Friday, January 20, 2006

Children Born in 2001: First Statistics

Very interesting, the changing face of America.

These stats are from the Early Childhood Longitudinal Study, Birth Cohort (ECLS-B), a nationally representative sample of the nearly 4 million children born in the United States in the year 2001 being conducted by the National Center for Education Statistics. To quote: "During the first wave of the study, 10,688 parents provided information and 10,221 children were directly assessed."

Randomly (well, not true, selected by me!) stats include:

51 percent were boys and 49 percent were girls;

54 percent were White, non-Hispanic; 14 percent were Black, non-Hispanic; 26 percent were Hispanic; 3 percent were Asian/Pacific Islander, non-Hispanic; 1 percent were American Indian, non-Hispanic; and 4 percent were multiracial, non-Hispanic;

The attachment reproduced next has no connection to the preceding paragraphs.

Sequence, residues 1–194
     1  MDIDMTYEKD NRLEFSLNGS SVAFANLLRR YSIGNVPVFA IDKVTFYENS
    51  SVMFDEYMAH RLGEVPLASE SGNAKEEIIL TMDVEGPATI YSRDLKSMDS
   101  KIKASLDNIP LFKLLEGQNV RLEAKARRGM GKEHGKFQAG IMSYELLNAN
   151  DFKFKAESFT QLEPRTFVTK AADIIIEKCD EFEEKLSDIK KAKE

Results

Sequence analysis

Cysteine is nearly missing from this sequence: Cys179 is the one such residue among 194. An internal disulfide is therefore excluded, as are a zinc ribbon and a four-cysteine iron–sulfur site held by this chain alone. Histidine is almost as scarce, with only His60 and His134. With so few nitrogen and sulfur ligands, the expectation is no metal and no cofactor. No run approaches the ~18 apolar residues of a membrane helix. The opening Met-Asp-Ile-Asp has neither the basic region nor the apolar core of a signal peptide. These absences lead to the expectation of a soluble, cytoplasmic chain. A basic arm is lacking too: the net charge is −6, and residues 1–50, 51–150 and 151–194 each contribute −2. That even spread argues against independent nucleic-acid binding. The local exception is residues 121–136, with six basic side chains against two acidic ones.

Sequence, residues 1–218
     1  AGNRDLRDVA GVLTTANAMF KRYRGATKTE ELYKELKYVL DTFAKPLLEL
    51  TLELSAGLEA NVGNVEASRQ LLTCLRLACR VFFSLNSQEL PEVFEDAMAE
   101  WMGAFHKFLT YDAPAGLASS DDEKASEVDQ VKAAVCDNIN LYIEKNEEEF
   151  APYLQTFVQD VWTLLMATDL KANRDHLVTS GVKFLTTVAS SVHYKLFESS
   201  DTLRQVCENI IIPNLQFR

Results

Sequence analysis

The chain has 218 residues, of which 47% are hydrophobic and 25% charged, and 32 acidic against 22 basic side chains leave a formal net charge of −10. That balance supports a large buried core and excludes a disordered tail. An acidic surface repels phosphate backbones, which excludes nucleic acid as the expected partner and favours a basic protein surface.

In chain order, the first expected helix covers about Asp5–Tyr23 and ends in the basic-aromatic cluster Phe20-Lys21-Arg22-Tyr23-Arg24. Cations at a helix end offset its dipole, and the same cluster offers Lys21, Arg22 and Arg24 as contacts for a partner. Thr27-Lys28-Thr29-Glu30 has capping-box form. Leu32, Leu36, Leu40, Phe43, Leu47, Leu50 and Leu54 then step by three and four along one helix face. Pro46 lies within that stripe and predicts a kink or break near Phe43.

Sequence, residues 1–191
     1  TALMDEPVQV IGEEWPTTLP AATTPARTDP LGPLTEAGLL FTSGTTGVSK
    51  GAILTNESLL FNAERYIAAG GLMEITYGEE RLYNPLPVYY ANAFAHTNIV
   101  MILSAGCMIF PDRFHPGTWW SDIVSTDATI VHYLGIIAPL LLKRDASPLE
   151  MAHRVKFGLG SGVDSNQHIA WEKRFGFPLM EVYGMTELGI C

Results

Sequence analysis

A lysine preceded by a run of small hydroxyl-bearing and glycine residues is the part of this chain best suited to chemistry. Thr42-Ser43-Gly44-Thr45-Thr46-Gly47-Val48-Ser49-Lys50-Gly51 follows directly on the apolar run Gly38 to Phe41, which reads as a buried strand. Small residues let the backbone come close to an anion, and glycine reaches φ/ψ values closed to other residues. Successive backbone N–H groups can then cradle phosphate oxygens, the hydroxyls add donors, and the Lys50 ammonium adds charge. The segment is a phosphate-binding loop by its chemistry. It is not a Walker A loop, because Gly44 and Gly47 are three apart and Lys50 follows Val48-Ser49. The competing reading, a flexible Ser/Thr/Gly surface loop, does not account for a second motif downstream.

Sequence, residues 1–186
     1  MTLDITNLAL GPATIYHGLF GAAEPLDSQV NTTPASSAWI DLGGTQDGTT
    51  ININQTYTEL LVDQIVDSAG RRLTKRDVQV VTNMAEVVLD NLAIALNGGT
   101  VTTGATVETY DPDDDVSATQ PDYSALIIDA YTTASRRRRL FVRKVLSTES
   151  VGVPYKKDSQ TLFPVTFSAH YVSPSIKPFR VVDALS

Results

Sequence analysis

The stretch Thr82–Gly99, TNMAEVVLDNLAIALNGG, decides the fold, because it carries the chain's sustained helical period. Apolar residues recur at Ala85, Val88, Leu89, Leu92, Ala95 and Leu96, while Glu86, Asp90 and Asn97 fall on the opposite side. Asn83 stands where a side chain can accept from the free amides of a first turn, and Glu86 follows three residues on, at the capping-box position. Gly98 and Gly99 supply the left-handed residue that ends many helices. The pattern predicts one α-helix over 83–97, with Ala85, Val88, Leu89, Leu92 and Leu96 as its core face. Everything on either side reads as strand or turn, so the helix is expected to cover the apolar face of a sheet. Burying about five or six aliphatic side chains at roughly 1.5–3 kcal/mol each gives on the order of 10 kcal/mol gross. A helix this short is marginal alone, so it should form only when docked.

23 percent were living in families whose household income was below the poverty threshold;

Forty-five percent of children living below the poverty threshold lived in households with no father present, while 12 percent of children living at or above the poverty threshold lived in households without a father;

Black children (58 percent) were more likely than White children (10 percent), Hispanic children (20 percent), or Asian children (6 percent) to live in a household with no father present.

These kids will be in charge in America in 2040---or in jail. We can watch it happen, or we can try to intervene.

Isn't that the decision society faces, brought down to simplest level: who is the mote, who is the light?



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